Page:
Forget the execrable Schumer, even the "Retiring" Harry Reid won't go against Bibi.

  16. Let's face it, this has turned into a government "Of, By, and For" Israel.

    1. I'm beginning to understand why so many people are mad enough to support Donald Trump.

    2. It is a national disgrace. The system is corrupt and The Israeli Lobby has played it to the hilt. The only way to stop it is through public financing and serious trust busting of the media conglomerates. The entire World sees it.

  17. Jews First - Americans Second:

    Benjamin Netanyahu has personally called on US Jewish groups to thwart a White House-backed Iran ­nuclear deal, while hitting out at “disinformation” over Israel’s trenchant stance against it.

    “The claim that we oppose this deal because we want war is not just false, it’s outrageous,” the Israeli Prime Minister said yesterday in a webcast hosted by Jewish American groups. “I don’t oppose this deal because I want war, I oppose this because I want to prevent war and this deal will bring war. It will spark a nuclear arms race in the region.”

  18. The majority of American people are uninformed about the destructive influence of the pro-Israel lobby in the United States and its dominance on US foreign policy, says a former American intelligence linguist.

    “All the [US] politicians unfortunately, because of the very powerful impact of the pro-Israel lobby, they will continue to approve these ridiculous military funding campaigns [for Israel],” Scott Rickard told Press TV on Tuesday.

    “It would be nice to see the Americans rise up against this kind of tyranny that does occur because of the Israel lobby, but I really don’t see any changes unfortunately because most Americans don’t have access to the right information,” Rickard said.

    “The information that they’re given is given from a perspective of a media that is hijacked by the same individuals that hijack the political agenda,” he added.

    “This opinion unfortunately is driven by news stations like Fox News, like CNN, like MSNBC, and they’re all very pro-Israel.”

    Rickard made the remarks following a new poll that shows a great majority of Americans oppose any special compensation to Israel for its concern over the nuclear agreement with Iran.

    The poll by Google Consumer Surveys found that 67.8 percent of Americans oppose any sort of compensation to Israel, while only 12.8 percent support it.

    The most influential pro-Israel advocacy group in the United States is expanding its campaign to pressure Congress into rejecting the recent accord over Iran’s nuclear program.

    The American Israel Public Affairs Committee (AIPAC), the biggest Zionist group in the US, will deploy about 300 lobbyists on Capitol Hill this week to try to convince lawmakers to vote against the nuclear agreement.

    Iran and the P5+1 group -- the United States, Britain, France, China, Russia and Germany – reached a conclusion on the Joint Comprehensive Plan of Action (JCPOA) on July 14 in the Austrian capital of Vienna following days of intensive talks over Tehran’s nuclear program.

  19. The Christian Right and the Zionist Jews are the most bizzare coalition that defies rationality. The crazy assed Christians need Jews to go to Israel so that the World ends and they get back with Jesus. This in 2015. The Jews all have to die so that The Christian whack jobs get their back to Jesus moment. No Jew with his head screwed on right believes any of this shit but the Zionists manipulate the Christians to achieve their political goals.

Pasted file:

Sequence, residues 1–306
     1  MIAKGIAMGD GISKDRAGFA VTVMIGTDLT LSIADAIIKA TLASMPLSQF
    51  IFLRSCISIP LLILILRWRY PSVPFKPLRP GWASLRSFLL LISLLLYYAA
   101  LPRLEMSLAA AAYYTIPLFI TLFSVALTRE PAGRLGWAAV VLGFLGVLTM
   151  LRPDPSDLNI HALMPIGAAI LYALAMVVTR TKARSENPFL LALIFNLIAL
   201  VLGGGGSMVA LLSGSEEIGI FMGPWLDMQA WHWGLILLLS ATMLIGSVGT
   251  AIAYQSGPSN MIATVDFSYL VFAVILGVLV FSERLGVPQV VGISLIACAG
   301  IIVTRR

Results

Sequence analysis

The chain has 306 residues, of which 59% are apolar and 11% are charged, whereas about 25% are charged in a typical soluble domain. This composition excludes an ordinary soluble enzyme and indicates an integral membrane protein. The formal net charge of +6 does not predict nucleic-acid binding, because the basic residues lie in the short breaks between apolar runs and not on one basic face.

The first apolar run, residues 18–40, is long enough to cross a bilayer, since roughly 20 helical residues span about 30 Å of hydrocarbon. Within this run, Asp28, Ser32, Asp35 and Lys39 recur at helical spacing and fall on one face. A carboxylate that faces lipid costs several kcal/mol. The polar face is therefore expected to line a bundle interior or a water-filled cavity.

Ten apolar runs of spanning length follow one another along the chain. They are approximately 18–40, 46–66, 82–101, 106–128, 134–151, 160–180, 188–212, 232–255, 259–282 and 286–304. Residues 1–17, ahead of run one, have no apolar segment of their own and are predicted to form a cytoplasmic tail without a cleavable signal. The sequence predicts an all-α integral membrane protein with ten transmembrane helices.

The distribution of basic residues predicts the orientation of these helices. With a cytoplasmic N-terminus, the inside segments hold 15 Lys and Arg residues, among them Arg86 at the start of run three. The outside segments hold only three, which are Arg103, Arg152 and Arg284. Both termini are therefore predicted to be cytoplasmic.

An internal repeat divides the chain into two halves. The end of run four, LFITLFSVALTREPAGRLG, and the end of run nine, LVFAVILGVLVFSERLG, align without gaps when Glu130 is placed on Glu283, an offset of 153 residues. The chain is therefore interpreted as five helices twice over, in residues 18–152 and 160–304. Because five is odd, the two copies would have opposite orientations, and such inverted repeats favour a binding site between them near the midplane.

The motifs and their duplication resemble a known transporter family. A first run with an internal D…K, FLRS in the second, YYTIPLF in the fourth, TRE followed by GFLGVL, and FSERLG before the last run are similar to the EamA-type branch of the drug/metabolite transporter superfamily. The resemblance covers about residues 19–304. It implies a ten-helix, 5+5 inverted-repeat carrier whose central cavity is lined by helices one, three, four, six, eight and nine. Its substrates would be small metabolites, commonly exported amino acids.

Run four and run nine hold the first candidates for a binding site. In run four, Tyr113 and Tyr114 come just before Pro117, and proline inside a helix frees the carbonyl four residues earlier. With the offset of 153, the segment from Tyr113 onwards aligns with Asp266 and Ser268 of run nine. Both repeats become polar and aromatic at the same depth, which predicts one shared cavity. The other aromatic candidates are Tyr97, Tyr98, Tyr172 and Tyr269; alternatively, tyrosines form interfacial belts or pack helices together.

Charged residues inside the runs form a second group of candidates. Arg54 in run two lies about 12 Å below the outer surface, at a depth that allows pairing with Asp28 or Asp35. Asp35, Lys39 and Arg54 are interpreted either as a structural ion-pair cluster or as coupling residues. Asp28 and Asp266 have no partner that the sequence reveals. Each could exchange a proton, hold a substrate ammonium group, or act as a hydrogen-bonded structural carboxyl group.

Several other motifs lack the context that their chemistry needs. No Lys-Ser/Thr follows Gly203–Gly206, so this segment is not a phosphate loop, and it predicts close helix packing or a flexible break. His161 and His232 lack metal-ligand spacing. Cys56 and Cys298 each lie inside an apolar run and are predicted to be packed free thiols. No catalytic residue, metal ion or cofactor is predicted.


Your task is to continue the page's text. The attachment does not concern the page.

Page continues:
20. How Israel doesn’t see American Pentecostals as a security threat is beyond me. They would be the most likely candidates to nuke Israel so they could take their raptured dumb asses to Jesus.

  21. Senator Bernie Sanders of Vermont continues to tighten the race with Hillary Rodham Clinton in New Hampshire, according to a poll released on Tuesday.

    The WMUR Granite State poll found that 42 percent of likely Democratic primary voters said they would vote for Mrs. Clinton, while 36 percent said they supported Mr. Sanders. The survey considers that gap to be a statistical tie, but it shows that Mr. Sanders continues to show strength after months of negative publicity about Mrs. Clinton’s use of a private email server as secretary of state.

    The poll also found that Mr. Sanders is the most popular Democratic candidate in the state in terms of favorability, with a rating of 59 percent. That tops Mrs. Clinton’s 54 percent.

    1. A Gravis Poll, released today, has it down to 4 points.

  22. .

    The Saudis took a big gamble, one they just might lose. Couldn't happen to a nicer bunch of guys.

    Saudi Arabia may go broke before the US oil industry buckles

    If the oil futures market is correct, Saudi Arabia will start running into trouble within two years. It will be in existential crisis by the end of the decade.

    The contract price of US crude oil for delivery in December 2020 is currently $62.05, implying a drastic change in the economic landscape for the Middle East and the petro-rentier states.

    The Saudis took a huge gamble last November when they stopped supporting prices and opted instead to flood the market and drive out rivals, boosting their own output to 10.6m barrels a day (b/d) into the teeth of the downturn.

    Bank of America says OPEC is now "effectively dissolved". The cartel might as well shut down its offices in Vienna to save money.

    If the aim was to choke the US shale industry, the Saudis have misjudged badly, just as they misjudged the growing shale threat at every stage for eight years. "It is becoming apparent that non-OPEC producers are not as responsive to low oil prices as had been thought, at least in the short-run," said the Saudi central bank in its latest stability report.